I don't use hair dryers, just my fingers, so I've missed out on the latest development in the technology: ionic dryers that employ tourmaline.
Dryers that add negative ions to their output are said to help prevent static and associated frizziness. This makes sense to me, and Julyne Derrick, my colleague the Beauty Guide, testifies to its truth. She ranks ionic dryers among her top choices. But what about the tourmaline? That makes sense to me too, because tourmaline is well known for its electrical trick called pyroelectricity.
Pyroelectricity has been known since ancient times and is well known among mineralogists. You can heat a tourmaline crystal and watch it start picking up small things, like lint and paper scraps, as it cools. Pyroelectricity is not a bogus technology, but it can set off the woo-woo detectors in many people who are wary of anything crystal-related. (Cambridge University has a good tutorial on pyroelectricity.)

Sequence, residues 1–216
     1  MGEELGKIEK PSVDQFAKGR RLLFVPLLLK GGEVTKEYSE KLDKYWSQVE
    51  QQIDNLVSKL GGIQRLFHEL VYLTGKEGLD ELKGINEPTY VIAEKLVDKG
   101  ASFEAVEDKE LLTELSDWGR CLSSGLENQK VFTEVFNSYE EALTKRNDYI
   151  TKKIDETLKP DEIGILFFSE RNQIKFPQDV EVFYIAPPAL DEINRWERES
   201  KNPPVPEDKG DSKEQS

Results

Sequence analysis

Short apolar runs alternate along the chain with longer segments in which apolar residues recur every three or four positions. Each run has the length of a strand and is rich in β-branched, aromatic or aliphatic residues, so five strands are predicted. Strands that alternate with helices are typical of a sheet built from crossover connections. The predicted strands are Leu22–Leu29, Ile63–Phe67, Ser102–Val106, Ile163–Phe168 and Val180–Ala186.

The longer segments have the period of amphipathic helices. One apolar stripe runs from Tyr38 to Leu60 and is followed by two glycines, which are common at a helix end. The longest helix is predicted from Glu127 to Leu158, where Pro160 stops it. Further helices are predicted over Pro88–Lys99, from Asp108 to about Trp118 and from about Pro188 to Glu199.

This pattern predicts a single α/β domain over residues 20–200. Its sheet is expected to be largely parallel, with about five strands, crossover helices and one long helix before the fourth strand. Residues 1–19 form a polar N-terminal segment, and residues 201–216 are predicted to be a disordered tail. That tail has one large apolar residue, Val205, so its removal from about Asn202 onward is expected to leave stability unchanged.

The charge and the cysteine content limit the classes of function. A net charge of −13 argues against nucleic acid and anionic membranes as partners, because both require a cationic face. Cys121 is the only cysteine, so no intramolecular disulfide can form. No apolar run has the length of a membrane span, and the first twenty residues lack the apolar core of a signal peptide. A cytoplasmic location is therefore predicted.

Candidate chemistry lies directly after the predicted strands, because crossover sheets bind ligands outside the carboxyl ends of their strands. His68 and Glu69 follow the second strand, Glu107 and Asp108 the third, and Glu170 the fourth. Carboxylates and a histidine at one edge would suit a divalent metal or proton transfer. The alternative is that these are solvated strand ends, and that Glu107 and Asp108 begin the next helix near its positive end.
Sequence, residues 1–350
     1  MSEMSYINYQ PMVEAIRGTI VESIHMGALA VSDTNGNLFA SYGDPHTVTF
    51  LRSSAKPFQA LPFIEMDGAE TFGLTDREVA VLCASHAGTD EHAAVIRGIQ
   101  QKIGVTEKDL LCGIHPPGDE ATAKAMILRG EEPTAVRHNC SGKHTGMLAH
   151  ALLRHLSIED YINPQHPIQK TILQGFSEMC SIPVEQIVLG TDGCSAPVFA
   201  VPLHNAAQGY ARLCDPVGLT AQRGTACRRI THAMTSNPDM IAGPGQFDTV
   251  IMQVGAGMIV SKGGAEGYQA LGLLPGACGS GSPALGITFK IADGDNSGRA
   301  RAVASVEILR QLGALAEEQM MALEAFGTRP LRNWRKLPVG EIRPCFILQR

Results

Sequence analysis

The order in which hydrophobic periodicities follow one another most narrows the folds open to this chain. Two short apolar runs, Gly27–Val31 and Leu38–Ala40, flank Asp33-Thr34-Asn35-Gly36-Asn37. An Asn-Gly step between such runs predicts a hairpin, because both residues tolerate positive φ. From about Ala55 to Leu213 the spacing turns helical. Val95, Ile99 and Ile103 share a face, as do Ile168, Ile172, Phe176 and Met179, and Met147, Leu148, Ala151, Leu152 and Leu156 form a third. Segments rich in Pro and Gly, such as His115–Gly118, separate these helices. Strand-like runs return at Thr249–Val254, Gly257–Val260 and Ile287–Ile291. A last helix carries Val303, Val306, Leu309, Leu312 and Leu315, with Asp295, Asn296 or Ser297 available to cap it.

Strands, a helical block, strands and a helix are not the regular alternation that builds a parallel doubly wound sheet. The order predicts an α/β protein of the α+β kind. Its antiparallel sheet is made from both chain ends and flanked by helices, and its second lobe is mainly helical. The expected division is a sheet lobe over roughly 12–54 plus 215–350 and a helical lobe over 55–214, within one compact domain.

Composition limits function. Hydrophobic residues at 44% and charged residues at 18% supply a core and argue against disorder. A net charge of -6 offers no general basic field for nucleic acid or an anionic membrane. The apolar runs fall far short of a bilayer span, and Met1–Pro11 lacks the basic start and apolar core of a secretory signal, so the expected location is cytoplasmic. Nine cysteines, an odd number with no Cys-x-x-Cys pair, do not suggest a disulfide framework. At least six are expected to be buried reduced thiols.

In this case tourmaline passes my strong woo-woo detectors. I can't say the same for using tourmaline in hair irons. I may be wrong, but the idea that tourmaline works its wonders in those conditions may be an instance of crystal-magic marketing.